Thursday, June 26, 2008

Story Quotes

A couple of great quotes about the power of stories in business that I came across today.

"Good leaders are good authors of stories that include everyone else."
- Gerhard Gschwandtner -

"Stories give us context, and context helps everyone understand."
"Stories wield special power because they can be translated into something visual. When we hear a story we see it too, and the visual image becomes something that sticks in our memories long after the words have fled."

- Harry Beckwith & Christine Clifford - You Inc.: The Art Of Selling Yourself.

Wednesday, June 25, 2008

Now Twittering..

Just a quick note to let you know that if you feel so inclined you can know follow my random thoughts on a variety of subjects via TWITTER at

Emotional Warning Light

I’ve long been an advocate of the advantages of using a controlled authoring vocabulary in producing technical documentation. The concept of one word = one meaning is central to this concept and is the underpinning of standards such as Simplified Technical English (STE).

In short ambiguity can lead to mistakes, or in extreme cases even cause fatalities. But one thing I hadn’t thought about before is that as well as considering the literal meanings of the words and phrases used, we should also consider the emotional and psychological impact.

It was an article by veteran racer and motoring journalist Denise McCluggage in a recent (16 June 2008) AutoWeek magazine that opened my eyes on this subject.

Denise’s article discussed the impact of the “CHECK ENGINE” warning light common in most vehicles today.

By all the rules and principles of controlled authoring that’s a perfect valid warning statement. Clear, concise, using simple words with well defined meanings.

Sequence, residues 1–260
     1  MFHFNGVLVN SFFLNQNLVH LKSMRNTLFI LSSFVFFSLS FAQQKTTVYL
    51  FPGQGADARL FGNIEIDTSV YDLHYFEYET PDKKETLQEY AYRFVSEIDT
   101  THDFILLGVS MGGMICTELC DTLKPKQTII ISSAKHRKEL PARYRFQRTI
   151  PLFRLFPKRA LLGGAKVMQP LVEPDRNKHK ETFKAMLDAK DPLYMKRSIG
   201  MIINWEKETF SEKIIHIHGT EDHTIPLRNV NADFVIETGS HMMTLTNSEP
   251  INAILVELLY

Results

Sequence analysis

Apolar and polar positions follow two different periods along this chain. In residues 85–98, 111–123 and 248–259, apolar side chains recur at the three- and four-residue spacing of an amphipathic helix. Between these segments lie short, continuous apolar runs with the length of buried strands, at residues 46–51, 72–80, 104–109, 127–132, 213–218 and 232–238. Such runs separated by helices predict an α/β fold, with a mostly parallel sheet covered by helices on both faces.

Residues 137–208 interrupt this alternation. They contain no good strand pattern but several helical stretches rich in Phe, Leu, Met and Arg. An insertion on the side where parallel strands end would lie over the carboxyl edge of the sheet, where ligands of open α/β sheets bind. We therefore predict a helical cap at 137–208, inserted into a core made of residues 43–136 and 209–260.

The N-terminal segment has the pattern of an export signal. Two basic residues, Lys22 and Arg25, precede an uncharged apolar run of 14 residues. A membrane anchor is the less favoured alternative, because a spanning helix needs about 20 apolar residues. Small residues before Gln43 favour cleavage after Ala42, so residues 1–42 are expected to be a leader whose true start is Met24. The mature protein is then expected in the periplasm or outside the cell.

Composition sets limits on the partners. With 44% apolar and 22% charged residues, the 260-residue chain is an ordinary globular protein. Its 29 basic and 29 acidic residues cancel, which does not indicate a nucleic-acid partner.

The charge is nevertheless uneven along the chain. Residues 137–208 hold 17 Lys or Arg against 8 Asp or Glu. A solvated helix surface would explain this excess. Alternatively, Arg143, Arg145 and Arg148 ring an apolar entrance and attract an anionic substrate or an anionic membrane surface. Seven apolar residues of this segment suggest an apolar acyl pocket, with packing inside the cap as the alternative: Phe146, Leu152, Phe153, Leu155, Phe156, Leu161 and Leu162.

But as Denise points out it has the potential for two distinctly different emotional impacts.

For a typical car guy (like me) the response to the “CHECK ENGINE” warning may be “rats I need to take the car in to the dealers at some point, where they will do some minor adjustment and charge me an arm and a leg for it.” After a few go-arounds when the car doesn’t do anything untoward they may even ignore the warning altogether.

But for a female driver the response to the “CHECK ENGINE” light may be concern that the engine, the thing that makes the car go, is about to fail and leave her stranded at the side of the road. Her reaction maybe that that warning could lead to something that will put her in a potential life-threatening situation.

As Denise goes on to point out the “CHECK ENGINE” light really means that “something might be amiss with the emission system and you should really have it looked at next time you are in the shop for routine maintenance.

So the choice of words is not as good as I first thought it was. Maybe it should read “Emission Controls Service Due.”

In short this article made me realize that as well as making sure we use the right vocabulary we should also be taking just as much notice of technical context and audience psychology.